The magazines had ads and illustrations that could be used for picture books for the little kids, backed with wallpaper samples, naturally. Paper dolls families were cut out of our Sears catalogs along with the furniture for their make believe homes, and never mind if their dinner plates were bigger than their stoves. All is fair in make believe. Our special girlfriends received these as well as the doll clothes. We were on a making streak.
Daddies and other male relatives presented a problem, which we solved with a lot of hard work and not a little duplicity. We gathered hickory nuts in the woods, and if you've never tried to pick the meat out of a hickory nut (hickory nuts to us then) you don't know what tedium is. The next step was to get molasses. We "borrowed" from several housewives, explaining its purpose since we couldn't pay it back, and asked the most sympathetic one to let us make candy in her kitchen. We boiled our molasses, added a lump of butter donated by the lady whose kitchen we used, and dumped in our nut meats and poured our candy on plates to cool. It was as good as pralines if you've never eaten pralines, and no one in the community ever had. The hardened pieces we wrapped in pages from our magazines.
Our deadline was the day before Christmas Eve, which was to be our delivery day. After chores we had more freedom than the kids of today, but no parent in our little community would let 10 year olds run from house to scattered house after dark. We worked as late as we were allowed to stay up that night by a kerosene lamp in my bedroom, Cappie was spending the night with me because as an only child I had a cubby hole for a room of my own, she also had permission to spend the day after.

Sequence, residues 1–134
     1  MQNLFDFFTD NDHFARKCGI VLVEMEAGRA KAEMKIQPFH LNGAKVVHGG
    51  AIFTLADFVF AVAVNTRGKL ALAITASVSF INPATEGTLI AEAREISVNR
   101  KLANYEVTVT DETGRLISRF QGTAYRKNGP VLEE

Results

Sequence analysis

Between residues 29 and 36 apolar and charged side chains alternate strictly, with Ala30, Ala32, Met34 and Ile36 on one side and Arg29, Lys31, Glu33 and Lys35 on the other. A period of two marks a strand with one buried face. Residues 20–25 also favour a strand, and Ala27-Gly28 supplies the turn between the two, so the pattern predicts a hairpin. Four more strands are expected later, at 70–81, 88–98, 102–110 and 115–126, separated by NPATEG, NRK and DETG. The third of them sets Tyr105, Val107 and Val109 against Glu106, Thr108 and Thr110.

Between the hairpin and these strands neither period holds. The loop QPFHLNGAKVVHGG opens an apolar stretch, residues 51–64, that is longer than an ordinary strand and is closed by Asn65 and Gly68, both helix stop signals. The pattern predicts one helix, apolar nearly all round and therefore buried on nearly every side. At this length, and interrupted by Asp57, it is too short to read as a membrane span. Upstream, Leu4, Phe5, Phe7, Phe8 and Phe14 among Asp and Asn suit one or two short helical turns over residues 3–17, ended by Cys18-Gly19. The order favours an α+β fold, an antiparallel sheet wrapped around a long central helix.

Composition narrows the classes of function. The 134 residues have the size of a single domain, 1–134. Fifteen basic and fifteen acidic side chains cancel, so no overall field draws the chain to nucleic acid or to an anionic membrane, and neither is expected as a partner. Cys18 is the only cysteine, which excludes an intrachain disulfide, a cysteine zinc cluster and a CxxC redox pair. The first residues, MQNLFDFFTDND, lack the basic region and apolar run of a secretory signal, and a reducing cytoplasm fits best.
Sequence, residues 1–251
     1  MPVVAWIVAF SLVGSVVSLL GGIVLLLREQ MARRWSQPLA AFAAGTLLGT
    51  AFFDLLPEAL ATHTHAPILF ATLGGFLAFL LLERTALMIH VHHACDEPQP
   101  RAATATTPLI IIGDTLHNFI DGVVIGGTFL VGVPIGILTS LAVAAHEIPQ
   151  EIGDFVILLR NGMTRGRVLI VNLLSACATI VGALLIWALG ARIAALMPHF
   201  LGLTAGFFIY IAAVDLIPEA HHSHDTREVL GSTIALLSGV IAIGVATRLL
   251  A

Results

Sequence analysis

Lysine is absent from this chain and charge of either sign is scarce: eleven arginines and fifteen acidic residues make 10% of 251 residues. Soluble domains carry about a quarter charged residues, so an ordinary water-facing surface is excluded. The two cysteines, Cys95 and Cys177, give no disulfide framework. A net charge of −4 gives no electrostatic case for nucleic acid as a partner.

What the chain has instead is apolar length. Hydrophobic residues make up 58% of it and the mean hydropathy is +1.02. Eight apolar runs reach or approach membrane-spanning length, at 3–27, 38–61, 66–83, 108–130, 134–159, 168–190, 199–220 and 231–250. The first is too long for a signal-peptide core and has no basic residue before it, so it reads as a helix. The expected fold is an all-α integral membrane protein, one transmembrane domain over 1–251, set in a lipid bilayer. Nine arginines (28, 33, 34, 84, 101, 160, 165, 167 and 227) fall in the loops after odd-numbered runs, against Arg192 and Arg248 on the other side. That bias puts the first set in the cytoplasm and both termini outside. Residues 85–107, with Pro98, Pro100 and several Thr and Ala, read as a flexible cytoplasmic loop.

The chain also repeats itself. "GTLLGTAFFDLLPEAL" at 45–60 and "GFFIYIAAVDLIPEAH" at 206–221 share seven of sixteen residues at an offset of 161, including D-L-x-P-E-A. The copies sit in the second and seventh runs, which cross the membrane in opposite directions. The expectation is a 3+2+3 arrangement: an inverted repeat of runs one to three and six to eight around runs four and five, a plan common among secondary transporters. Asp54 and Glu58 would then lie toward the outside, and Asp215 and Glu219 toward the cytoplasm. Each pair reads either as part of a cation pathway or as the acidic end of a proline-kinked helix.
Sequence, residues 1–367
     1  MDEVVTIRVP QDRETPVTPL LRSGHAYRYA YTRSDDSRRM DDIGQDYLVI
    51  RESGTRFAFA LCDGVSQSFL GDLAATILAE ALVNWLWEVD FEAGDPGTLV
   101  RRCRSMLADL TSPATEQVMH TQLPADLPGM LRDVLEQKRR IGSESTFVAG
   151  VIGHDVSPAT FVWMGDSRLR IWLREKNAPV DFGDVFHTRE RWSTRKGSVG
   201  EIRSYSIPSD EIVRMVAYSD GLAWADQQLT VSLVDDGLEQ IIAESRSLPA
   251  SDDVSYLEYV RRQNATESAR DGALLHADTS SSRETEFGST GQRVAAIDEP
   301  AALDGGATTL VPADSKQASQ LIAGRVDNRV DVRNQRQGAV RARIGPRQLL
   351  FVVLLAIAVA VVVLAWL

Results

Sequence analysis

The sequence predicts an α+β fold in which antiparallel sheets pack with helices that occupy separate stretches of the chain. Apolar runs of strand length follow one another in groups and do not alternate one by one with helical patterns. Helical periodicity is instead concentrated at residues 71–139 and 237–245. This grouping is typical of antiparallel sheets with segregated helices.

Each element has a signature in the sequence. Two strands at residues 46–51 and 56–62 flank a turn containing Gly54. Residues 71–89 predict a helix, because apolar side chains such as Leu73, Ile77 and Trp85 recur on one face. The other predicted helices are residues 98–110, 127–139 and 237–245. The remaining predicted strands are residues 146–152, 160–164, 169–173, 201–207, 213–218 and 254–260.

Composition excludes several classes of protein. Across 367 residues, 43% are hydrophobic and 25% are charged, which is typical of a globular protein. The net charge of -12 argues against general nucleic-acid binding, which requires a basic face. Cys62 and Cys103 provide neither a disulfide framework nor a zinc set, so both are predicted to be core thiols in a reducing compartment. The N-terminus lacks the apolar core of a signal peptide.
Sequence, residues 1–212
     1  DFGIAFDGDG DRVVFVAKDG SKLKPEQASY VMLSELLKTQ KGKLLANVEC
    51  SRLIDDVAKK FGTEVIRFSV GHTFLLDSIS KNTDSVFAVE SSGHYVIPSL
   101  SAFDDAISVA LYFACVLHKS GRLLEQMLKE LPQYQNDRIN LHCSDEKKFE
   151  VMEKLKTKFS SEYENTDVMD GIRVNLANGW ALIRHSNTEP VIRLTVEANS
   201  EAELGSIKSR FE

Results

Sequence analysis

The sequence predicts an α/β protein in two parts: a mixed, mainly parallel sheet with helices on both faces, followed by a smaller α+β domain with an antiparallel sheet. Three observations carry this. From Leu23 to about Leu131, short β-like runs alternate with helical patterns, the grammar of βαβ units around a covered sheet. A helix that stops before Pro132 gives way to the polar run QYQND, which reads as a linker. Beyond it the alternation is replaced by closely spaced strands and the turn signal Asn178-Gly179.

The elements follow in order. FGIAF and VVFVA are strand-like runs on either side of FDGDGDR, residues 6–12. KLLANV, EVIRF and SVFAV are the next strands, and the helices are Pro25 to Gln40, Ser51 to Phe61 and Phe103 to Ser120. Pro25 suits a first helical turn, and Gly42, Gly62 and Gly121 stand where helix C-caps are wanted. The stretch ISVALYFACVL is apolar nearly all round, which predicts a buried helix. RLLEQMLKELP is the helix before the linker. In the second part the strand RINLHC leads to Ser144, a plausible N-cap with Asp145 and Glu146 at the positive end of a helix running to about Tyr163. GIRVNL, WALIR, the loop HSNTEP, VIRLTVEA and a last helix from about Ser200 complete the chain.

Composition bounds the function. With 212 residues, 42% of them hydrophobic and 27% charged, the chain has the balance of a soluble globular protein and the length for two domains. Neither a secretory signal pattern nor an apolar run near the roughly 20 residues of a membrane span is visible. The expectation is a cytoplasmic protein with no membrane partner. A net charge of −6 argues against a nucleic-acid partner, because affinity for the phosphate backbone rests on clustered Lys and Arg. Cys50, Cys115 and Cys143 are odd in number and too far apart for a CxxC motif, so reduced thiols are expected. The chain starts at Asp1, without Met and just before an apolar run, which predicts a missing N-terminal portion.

Christmas Eve was cold but clear. Cappie helped me with my morning tasks so we could get out early with our packages. Our method was typical of 10 year olds: deposit our gifts at the front door of a house, yell "Merry Christmas," and run away as fast as we could, giggling like crazy. Dogs barked at us, housewives looked out their windows before opening the door, kids yelled "What are you doing?" and we ignored it all. We ran through the woods and over rough trails, dodging everyone who came near us. We even skipped noon meals; our mothers thought each was eating with the other and didn't worry. There were no phones to be used to check. Several times we had to visit the old corn crib where our makings were stashed; we had too much stuff to carry all at once. But by sundown something had been left at every house. We were too tired to move and too exhilarated to care. There remained only the family's gifts to set out, and it was one of the hardest things I've ever done to stay awake until my parents slept so I could sneak their gifts onto the kitchen table.
Christmas came on Sunday that year, which made things just about perfect. Everybody in the area came to our one church, of course. The grownups were telling each other about the useful and "interesting" things they found at their doors, saying things like "Now who could have known I didn't have a decent pot holder?" If they exchanged knowing smiles we weren't aware.
The kids were babbling away about what they had found, as well. Most of them asked what we were doing running around all the day before, and some wanted to know if we'd made their things. We had secretly made gifts for each other (those were left on our respective doorsteps just before full dark), so we could tell what we had found. To the other questions we just grinned and asked the others the same thing.
I don't remember whether I got a gift from anyone but Cappie or not, but it really didn't matter. I do remember this as one of the busiest and most exciting Christmas seasons I've ever experienced.